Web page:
In February, the North Miami Museum of Contemporary Art (MOCA) announced that it had appointed Adeze Wilford as its curator. A former assistant curator at the Shed, the cultural center in Manhattan’s Hudson Yards, the New York City native was hired four years after Chana Sheldon took over as executive director of MOCA.
With Wilford’s appointment, Sheldon says he is optimistic about the museum’s ability to “deepen our work within the community.”
“As Adeze comes in, she will deepen that work for the museum, for our community,” says Wilford. New Times. “It’s always amazing when we have new territorial voices in the broader Miami community, and we look forward to connecting it with our regional artists.”
In her role, Wilford will lead the curatorial department’s exhibition program and highlight under-explored artists and movements, including solo shows for emerging artists. He will also oversee the museum’s permanent collection and public art initiatives and head a guest curator program, which Sheldon cites as an initiative aimed at promoting unique and diverse voices.
“That’s really what has interested me and what I’ve wanted to develop my career in: working in museums with incredible collections,” says Wilford.
She also points to her extensive museum experience as one of the reasons she is excited to return to a traditional exhibition space.
Originally from Harlem, Wilford moved to Westchester County at a young age, where she developed a deep interest in the arts through her parents’ memberships in local museums. While majoring in art history and African-American studies at Northwestern University, she became director of the university’s student-run gallery and worked as an exhibition assistant at the campus museum before returning to New York City, where he spent a year working at the Studio Museum in Harlem.
He then went on to work for the Museum of Modern Art’s film collection before coming to the Shed while it was still under construction. A non-profit cultural center that commissions and produces a wide range of artistic endeavors in different media, The Shed allowed you to witness an art institution literally built from scratch. During his time there, Wilford healed the New York Times-acclaimed exhibition “Howardena Pindell: String/Fire/Water”.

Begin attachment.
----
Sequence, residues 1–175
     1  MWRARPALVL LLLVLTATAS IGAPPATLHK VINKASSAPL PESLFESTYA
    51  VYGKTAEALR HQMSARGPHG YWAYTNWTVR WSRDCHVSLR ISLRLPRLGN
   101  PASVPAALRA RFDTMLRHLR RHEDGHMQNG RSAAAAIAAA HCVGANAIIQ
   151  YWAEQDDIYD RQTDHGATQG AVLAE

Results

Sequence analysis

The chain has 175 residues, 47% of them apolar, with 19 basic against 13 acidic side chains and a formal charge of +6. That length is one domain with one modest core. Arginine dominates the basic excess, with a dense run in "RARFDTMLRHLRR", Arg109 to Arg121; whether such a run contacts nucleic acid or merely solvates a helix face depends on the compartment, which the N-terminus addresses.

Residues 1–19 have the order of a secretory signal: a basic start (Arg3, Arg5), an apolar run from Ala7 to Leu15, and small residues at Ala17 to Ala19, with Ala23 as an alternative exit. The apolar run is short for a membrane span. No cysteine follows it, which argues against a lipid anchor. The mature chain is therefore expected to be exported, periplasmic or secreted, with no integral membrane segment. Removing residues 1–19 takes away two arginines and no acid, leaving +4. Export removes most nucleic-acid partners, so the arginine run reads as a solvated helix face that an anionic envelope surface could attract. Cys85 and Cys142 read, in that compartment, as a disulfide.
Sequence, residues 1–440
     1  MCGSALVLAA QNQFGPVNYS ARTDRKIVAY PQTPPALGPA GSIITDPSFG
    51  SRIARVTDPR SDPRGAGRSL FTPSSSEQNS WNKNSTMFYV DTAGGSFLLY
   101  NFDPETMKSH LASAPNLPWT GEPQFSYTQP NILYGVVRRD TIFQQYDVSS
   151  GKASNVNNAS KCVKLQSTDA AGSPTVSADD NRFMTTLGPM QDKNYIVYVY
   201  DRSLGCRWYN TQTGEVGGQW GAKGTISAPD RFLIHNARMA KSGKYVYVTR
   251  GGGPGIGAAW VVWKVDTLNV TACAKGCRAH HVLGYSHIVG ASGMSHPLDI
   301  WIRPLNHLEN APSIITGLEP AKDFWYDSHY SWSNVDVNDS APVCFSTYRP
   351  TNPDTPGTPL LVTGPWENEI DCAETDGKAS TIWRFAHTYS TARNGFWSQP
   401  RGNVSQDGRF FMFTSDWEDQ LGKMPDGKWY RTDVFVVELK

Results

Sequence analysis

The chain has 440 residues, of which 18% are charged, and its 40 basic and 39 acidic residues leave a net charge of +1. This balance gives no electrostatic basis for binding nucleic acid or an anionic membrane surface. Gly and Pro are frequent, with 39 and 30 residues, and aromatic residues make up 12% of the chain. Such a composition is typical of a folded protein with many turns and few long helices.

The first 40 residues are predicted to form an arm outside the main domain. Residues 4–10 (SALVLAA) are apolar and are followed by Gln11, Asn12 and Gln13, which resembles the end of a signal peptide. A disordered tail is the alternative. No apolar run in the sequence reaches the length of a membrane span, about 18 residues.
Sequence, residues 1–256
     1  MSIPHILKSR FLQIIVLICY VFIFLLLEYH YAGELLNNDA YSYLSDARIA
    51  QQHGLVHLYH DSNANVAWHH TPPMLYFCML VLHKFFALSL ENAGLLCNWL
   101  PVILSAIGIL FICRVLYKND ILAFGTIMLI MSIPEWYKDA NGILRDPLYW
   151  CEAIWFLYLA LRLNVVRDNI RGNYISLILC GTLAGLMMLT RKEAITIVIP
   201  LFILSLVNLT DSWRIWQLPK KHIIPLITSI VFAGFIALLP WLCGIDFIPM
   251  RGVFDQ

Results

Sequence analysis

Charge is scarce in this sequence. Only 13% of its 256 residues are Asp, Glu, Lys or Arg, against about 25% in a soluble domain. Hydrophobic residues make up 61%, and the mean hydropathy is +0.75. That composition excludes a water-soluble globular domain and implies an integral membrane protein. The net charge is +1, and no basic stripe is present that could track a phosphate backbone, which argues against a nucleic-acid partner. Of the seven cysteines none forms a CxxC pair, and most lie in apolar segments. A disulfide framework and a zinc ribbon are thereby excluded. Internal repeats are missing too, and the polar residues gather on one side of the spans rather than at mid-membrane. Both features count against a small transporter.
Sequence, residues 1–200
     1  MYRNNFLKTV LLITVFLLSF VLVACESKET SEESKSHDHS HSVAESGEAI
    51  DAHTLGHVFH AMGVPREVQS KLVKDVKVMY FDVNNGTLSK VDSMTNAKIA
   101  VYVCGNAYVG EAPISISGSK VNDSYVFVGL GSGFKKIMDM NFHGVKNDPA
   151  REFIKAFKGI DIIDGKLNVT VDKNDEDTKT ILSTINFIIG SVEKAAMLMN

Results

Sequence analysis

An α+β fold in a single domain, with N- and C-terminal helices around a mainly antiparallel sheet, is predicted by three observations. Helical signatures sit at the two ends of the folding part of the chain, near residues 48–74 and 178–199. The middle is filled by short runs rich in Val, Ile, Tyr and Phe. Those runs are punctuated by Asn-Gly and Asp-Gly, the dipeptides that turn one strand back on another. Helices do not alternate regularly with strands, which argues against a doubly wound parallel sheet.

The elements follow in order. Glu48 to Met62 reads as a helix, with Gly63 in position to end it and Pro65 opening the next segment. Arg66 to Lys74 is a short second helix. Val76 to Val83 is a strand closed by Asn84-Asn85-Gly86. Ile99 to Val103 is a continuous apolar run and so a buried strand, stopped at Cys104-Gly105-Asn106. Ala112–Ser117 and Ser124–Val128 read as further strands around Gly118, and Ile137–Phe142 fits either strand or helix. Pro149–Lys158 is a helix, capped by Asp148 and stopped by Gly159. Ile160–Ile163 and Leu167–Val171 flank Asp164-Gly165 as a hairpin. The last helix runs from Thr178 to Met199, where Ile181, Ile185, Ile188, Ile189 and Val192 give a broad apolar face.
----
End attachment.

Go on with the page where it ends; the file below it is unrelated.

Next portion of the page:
“How a museum chooses to build its collection and how it chooses to support artists through the acquisition of their work and the care and maintenance of their work, that’s something that has been really valuable to me,” explains Wilford. “The Shed was an amazing opportunity to work with artists who are realizing ideas that they had, but I’m excited to have a long-term commitment to a piece of art, to an artist.”
The North Miami museum is known for its commitment to highlighting underrepresented communities in the visual arts. MOCA’s diverse curation has previously highlighted artists such as AfriCOBRA, a collective of black artists who, despite their notable contributions to the Black Arts movement of the 1960s and 1970s, had never had a large-scale exhibition dedicated to their work. . His current show, a monographic presentation of decades of paintings, sculptures, drawings, and films by the provocative Polish-born artist Maryan, also included many works that had never been shown or published before.
Sheldon says that the museum has been building its leadership team internally since his arrival. The ability to dedicate a full-time staff member to the team comes with the support of the Knight Foundation.
“This is a very exciting time for MOCA,” adds Sheldon. “Bringing this new team member, bringing this new team member to the Miami community and continuing to contribute to our growing and exciting contemporary art scene in South Florida.”
Museum of Contemporary Art of North Miami. 770 NE 125th St., North Miami; 305-893-6211; mocanomi.org.